All Set to Mess Up an Opportunity to Improve the Property Tax
Pennsylvania Governor Schweiker calls for session to cut property tax
When some politicians say they want "property tax reform," they are not actually seeking reform at all -- they just want tax cuts for a few large land speculators. Journalists need to be careful and do their own investigating.
Here are a few excerpts from a recent article in the Philadelphia Inquirer.
by Ovetta WigginsNearly a month after 128 lawmakers demanded that he act, Gov. Schweiker called for a special legislative session to cut local property taxes in Pennsylvania.
The special session - the first to be initiated by the General Assembly - will begin Sept. 4 and could run until Nov. 30, when the regular legislative session ends.
"I have spoken with legislative leaders in both chambers, who agree this special session should not be about political pandering but about taking a historic step forward on one of the commonwealth's most pressing problems," Schweiker said in a statement. "Together we can move quickly and decisively to bring about real reform and new solutions."
It is unclear what proposals will be considered. But it will be up to the governor to decide.[The Progress Report predicts that the main "reform" to be considered will be a cut in property taxes coupled with an increase in more volatile, less stable revenue sources such as the Jim Crow sales tax and the income tax. In any case, taxes on in-state persons would rise while out-of-state property holders would get tax cuts. Housing costs would rise and sprawl, already a terrible problem in Pennsylvania, would worsen. Pennsylvania politicians seem determined to hurt their own citizens.]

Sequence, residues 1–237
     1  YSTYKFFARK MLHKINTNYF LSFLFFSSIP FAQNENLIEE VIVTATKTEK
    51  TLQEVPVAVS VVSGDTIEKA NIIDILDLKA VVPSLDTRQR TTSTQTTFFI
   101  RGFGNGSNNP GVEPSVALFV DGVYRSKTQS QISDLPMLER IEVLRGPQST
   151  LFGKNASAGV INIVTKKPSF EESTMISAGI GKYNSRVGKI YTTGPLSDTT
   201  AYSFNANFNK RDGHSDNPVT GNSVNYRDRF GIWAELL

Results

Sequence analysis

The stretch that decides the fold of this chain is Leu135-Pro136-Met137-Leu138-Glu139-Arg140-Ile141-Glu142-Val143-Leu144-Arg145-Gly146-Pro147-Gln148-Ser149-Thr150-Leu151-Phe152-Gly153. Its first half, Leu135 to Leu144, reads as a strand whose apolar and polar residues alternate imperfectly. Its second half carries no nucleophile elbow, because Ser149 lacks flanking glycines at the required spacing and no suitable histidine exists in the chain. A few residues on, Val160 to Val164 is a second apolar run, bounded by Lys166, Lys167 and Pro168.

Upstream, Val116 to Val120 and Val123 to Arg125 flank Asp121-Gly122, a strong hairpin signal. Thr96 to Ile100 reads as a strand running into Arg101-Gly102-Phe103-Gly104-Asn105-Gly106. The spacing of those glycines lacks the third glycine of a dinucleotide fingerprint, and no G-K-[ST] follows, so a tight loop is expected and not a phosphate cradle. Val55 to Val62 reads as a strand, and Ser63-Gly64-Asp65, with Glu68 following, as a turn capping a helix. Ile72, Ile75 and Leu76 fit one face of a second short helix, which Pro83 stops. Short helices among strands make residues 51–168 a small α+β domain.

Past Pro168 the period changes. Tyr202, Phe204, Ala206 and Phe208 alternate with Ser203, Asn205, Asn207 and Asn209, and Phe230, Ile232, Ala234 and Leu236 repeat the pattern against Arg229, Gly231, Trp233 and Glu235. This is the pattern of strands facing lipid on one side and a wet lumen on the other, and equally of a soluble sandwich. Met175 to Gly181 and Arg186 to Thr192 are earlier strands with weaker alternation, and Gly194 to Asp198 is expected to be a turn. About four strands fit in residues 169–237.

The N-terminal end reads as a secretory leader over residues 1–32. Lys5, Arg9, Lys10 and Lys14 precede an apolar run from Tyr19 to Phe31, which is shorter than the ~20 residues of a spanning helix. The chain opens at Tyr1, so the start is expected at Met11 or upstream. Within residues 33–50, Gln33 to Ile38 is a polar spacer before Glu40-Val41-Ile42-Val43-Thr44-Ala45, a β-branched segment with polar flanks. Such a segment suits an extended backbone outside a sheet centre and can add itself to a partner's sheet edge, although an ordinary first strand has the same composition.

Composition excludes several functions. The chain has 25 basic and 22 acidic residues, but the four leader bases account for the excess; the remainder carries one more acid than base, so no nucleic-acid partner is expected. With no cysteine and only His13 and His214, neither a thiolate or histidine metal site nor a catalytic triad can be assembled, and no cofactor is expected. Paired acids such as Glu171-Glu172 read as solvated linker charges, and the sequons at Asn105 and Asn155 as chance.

Schweiker was compelled to call the special session after State Sen. Lisa Boscola (D., Northampton) discovered a clause in the Pennsylvania Constitution that allows a majority of the legislature to force a special session. The obscure provision has never been used before.
"This is an historic moment for the people of Pennsylvania," Boscola said yesterday. "Pennsylvania can't wait for property tax relief. This is 30 years in the making and now is when action needs to be taken, not six months from now, not a year from now."
Boscola presented a petition, with the signatures of 102 House members and 26 senators, to Schweiker on July 1.
The special session will be the fourth convened in the last decade. Gov. Tom Ridge called two during his tenure, one in 1996 to address blizzards and flooding, and another in 1995 to consider crime.
The special session will also be the General Assembly's second attempt in 15 years to make changes to the way property taxes are levied in the state.
In November 1989, then-Gov. Robert P. Casey called a special session to tackle property taxes. The legislature came up with a plan early the following year, but it needed voter approval.
[The Progress Report reminds you -- the referendum was defeated by a huge 3-1 margin as voters were not convinced that the politicians' plan would help them in any way; the plan would have cut taxes for out-of-state land speculators and increased in-state taxes.]
Will legislators act for short-term popularity, or for long-term economic soundness? Tell your views to The Progress Report:
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